Does digital data offer indicators that can be used to monitor marketing effectiveness and predict box office success even before awareness turns into intent? Moviepilot — which studies social data and box office trends — analyzes this weekend’s new movies across Facebook, YouTube, Twitter and Google (the methodology behind the numbers is laid out in the appendix below) over the seven days leading up to their release, when marketing campaigns are at their peak.
It’s been six years since “Terminator: Salvation” opened to a Memorial Day (five-day) weekend of $65.3 million and now Arnold is back to kickstart a new era for the franchise and breathe life into Independence Day theaters — and thanks to a video-heavy social campaign, he should have some help on the digital front.
The digital strategy around “Terminator: Genisys” has relied heavily on Arnold himself, particularly his 13.1 million Facebook fans and 3.4 million Twitter followers. The social-savvy Schwarzenegger helped promote a “Terminator” Snapchat filter that turns anyone into a Terminator, and he voiced navigational directions for popular traffic-dodging app Waze.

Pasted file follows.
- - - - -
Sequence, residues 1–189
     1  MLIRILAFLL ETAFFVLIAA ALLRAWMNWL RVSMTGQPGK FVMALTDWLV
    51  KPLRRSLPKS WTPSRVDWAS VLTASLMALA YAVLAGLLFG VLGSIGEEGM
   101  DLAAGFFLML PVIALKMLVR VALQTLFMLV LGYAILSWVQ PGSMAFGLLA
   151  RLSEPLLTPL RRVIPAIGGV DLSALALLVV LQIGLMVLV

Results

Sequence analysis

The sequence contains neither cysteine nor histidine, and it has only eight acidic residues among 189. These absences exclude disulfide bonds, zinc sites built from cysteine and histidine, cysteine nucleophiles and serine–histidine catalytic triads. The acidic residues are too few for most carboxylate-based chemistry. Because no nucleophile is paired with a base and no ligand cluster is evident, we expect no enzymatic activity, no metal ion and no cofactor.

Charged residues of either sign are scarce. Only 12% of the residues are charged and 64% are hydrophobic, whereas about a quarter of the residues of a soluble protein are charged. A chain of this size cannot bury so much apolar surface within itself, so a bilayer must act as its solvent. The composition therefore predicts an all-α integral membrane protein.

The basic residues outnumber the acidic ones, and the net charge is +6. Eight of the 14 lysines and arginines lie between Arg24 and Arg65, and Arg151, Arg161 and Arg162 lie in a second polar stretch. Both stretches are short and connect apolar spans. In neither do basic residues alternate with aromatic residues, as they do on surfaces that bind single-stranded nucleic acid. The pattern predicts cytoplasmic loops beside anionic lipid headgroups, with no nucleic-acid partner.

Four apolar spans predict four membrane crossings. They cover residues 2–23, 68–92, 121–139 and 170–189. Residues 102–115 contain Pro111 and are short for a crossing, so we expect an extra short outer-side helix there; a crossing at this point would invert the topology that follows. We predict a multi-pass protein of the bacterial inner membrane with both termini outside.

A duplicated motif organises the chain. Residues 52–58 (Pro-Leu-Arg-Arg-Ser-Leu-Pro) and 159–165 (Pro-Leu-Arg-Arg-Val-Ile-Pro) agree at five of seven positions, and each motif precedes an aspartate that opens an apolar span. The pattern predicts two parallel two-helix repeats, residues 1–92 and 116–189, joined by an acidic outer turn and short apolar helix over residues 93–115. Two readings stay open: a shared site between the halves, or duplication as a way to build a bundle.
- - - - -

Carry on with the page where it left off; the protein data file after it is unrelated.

Where Arnie and Team “Terminator” really made their mark was via video. Schwarzenegger starred in a prank video for a good cause, surprising fans in Hollywood to the tune of 21 million YouTube views. An impressive 54 million Facebook video views (trailer/clips) coupled with almost 100 million views on YouTube adds up to an impressive presence in a key metric for the action genre. This huge total, however, does not even include the “YouTube Chronicles” Web series, produced in conjunction with YouTube and influential content creators, or the VR video created for Google Cardboard.
“Terminator: Genisys” actually compares favorably to critical darling “Mad Max: Fury Road” on video views, with an advantage of about 50 million views between YouTube and Facebook. Coupled with an almost identical search volume, “Terminator: Genisys” looks set to top the $45 million “Mad Max” pulled over its three-day opening weekend. Arnie has a couple of extra days in his favor, too, which should see him able to blast his way past $50 million for the five days.